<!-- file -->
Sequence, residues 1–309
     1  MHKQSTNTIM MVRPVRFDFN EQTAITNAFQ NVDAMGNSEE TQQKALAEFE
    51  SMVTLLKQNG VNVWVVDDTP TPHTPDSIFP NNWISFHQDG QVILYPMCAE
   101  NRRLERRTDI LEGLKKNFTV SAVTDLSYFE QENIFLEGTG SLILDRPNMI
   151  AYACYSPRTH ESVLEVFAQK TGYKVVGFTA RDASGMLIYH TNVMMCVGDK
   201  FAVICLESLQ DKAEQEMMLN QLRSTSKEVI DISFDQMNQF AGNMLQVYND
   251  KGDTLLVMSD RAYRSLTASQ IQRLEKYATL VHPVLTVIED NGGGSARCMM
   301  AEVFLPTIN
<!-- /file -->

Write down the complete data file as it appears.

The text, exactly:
Sequence, residues 1–309
     1  MHKQSTNTIM MVRPVRFDFN EQTAITNAFQ NVDAMGNSEE TQQKALAEFE
    51  SMVTLLKQNG VNVWVVDDTP TPHTPDSIFP NNWISFHQDG QVILYPMCAE
   101  NRRLERRTDI LEGLKKNFTV SAVTDLSYFE QENIFLEGTG SLILDRPNMI
   151  AYACYSPRTH ESVLEVFAQK TGYKVVGFTA RDASGMLIYH TNVMMCVGDK
   201  FAVICLESLQ DKAEQEMMLN QLRSTSKEVI DISFDQMNQF AGNMLQVYND
   251  KGDTLLVMSD RAYRSLTASQ IQRLEKYATL VHPVLTVIED NGGGSARCMM
   301  AEVFLPTIN